Outstanding Best-Of Poetry Collections

National Poetry Month has reached its twentieth anniversary, a landmark celebrated with the release of a remarkable number of outstanding best-of collections, including Dana Gioia’s 99 Poems. Below we recognize retrospective gatherings by seminal poets of the past (Adrienne Rich, Delmore Schwartz, Stevie Smith) and other judicious combinations of the old and the new by shining poets of the present (Jay Parini, Lucia Perillo, Ron Rash). While these titles certainly enhance robust poetry shelves, they are of particular value to small and medium-sized poetry collections. The reviews below are exclusive to Booklist Online. You can find more reviews of forthcoming poetry collections in the pages of Booklist‘s March 15, 2016 issue.

All PoemsAll the Poems. By Stevie Smith. Ed. by Will May. 2016. 806p. New Directions, $39.95 (9780811223805).

British writer Stevie Smith (1902–71) filled eight volumes with poetry and her marvelously droll line drawings. A cherished satirist, she was admired on both sides of the Atlantic, yet most American readers today will only have a glancing sense of her oeuvre.

Blue Laws: Selected & Uncollected Poems, 1995–2015. By Kevin Young. 2016. 608p. Knopf, $30 (9780385351508).

The preface informs us: “The title Blue Laws comes from the traditional, often unenforced laws that restrict behavior on the Sabbath,” which are duly presented on the following page, “but also speaks to the blues music that informs America’s and my own.”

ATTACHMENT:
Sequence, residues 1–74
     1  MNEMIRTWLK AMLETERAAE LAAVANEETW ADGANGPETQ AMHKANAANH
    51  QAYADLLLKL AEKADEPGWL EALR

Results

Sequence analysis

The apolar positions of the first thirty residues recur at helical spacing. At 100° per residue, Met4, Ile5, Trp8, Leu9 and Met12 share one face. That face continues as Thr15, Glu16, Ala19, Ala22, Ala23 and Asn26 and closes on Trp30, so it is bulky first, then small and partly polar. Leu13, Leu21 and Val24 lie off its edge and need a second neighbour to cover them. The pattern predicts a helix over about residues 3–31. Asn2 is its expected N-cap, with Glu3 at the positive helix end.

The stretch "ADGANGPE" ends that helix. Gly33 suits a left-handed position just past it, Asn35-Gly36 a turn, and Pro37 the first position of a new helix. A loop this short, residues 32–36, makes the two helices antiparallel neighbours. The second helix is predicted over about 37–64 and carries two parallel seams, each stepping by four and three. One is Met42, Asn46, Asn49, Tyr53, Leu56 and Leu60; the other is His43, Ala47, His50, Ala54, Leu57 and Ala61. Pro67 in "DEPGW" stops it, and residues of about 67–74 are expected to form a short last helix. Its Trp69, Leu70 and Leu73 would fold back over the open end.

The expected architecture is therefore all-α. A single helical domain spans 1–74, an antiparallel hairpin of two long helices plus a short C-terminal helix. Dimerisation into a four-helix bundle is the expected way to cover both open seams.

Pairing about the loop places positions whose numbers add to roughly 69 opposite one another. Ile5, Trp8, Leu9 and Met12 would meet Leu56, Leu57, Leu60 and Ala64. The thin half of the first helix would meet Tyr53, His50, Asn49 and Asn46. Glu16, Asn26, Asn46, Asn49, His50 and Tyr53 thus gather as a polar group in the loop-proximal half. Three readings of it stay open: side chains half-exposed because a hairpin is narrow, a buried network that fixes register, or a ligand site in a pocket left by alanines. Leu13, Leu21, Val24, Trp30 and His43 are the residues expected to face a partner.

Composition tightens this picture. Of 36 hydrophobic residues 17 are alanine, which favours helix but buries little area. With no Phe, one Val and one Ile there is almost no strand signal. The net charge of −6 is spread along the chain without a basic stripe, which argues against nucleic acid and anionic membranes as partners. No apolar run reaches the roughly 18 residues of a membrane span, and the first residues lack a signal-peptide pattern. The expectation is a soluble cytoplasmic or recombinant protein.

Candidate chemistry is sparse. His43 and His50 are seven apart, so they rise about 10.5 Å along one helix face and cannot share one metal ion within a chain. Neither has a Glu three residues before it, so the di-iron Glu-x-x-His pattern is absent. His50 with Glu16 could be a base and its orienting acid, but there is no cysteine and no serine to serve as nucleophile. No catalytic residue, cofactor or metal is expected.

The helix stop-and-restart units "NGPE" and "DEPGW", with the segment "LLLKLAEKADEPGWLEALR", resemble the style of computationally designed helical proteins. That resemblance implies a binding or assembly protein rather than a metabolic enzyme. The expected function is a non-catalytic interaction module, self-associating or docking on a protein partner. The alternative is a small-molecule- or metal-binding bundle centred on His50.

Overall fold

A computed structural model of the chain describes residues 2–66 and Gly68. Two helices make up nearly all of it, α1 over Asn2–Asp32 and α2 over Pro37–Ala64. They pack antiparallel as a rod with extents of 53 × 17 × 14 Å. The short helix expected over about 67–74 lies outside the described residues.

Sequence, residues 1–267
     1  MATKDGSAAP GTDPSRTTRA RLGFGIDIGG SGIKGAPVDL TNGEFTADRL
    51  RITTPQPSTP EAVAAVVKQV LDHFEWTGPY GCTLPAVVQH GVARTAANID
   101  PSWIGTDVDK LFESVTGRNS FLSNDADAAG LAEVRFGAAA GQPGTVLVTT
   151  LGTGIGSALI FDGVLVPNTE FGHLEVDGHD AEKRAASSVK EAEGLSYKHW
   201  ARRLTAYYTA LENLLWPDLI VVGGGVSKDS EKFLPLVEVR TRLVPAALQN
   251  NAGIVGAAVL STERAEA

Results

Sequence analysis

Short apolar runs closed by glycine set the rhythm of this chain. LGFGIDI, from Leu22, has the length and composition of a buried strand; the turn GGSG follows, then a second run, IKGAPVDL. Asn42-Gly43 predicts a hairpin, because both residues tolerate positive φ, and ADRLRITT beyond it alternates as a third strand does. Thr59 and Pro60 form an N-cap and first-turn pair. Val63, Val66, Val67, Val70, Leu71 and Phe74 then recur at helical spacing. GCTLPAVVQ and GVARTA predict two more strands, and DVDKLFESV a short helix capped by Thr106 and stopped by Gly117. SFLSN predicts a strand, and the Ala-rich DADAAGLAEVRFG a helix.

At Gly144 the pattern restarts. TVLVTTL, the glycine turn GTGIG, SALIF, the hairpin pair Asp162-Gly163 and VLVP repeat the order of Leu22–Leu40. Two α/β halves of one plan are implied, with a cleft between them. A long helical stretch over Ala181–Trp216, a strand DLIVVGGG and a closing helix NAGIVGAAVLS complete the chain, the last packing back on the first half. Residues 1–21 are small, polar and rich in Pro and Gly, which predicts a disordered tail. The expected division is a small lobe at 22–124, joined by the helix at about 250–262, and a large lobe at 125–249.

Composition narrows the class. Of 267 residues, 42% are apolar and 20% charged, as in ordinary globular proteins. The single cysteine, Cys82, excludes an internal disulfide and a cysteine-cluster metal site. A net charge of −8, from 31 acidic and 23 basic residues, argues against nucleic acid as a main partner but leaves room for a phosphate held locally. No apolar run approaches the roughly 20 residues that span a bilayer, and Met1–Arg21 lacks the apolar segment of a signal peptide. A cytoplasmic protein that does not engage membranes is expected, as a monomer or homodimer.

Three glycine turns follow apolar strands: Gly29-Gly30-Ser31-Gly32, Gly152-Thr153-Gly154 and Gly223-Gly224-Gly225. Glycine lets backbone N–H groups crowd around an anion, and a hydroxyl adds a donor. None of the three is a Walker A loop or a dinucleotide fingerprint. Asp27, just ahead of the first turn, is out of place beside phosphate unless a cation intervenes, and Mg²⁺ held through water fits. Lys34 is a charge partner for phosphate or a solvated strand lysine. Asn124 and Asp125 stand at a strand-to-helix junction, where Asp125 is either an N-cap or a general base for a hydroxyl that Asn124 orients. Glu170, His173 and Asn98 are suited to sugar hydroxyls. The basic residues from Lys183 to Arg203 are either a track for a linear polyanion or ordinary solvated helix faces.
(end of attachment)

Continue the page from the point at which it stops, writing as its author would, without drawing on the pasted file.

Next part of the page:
Collected Poems, 1950–2012. By Adrienne Rich. Mar. 2016. 960p. Norton, $50 (9780393285116).

This mammoth and vital volume covering 62 years and more than 20 poetry collections affirms Adrienne Rich’s (1929–2012) standing as a major poet. In her first book, A Change of World (1951), which W. H. Auden chose for the Yale Series of Younger Poets Award, Rich is fluent in classical forms and carefully camouflaged by a refined, gracious, impersonal voice, though certain images and phrases—a storm, a ghost, death, and the phrase “estranged intensity“—presage inner turmoil and burgeoning protest.

New and Collected Poems, 1975–2015. By Jay Parini. Mar. 2016. 248p. Beacon, $27.95 (9780807030134); e-book (9780807030141).

Parini is truly a man of letters. He is a biographer of Gore Vidal, William Faulkner, and Robert Frost, among other writers; a poet; and a novelist whose subjects include Herman Melville in The Passages of H.M. (2010).

Once and for allOnce and For All: The Best of Delmore Schwartz. By Delmore Schwartz. Ed. by Craig Morgan Teicher. Apr. 2016. 336p. New Directions, paper, $17.95 (9780811224321).

Delmore Schwartz (1913–66) was highly regarded as a powerfully original and edgy member of the literary flowering of the 1930s and 1940s in sync with T. S. Eliot, Robert Lowell, John Berryman, and Saul Bellow.

Poems: New and Selected. By Ron Rash. Mar. 2016. 192p. HarperCollins, $24.99 (9780062435507); e-book (9780062435538).

Best known for his prizewinning, best-selling, lyrical novels, including Above the Waterfall (2015), Rash is also an acclaimed short story writer (Burning Bright, 2010) and a poet. His first four poetry collections are strongly represented here and accompanied by a handful of new poems.

Time Will Clean the Carcass Bones. By Lucia Perillo. 2016. 200p. Copper Canyon, $23 (9781556594731).

Perillo, a MacArthur fellow, is a boldly and imaginatively irreverent poet even as she marvels at the wonders all around us and hopes for “sacred knowledge.” How, she asks, can we meet the demands of life?



About the Author:

Donna Seaman is adult books editor at Booklist. Her radio interviews are collected in Writers on the Air: Conversations about Books (2005). Follow her on Twitter at @Booklist_Donna.

Post a Comment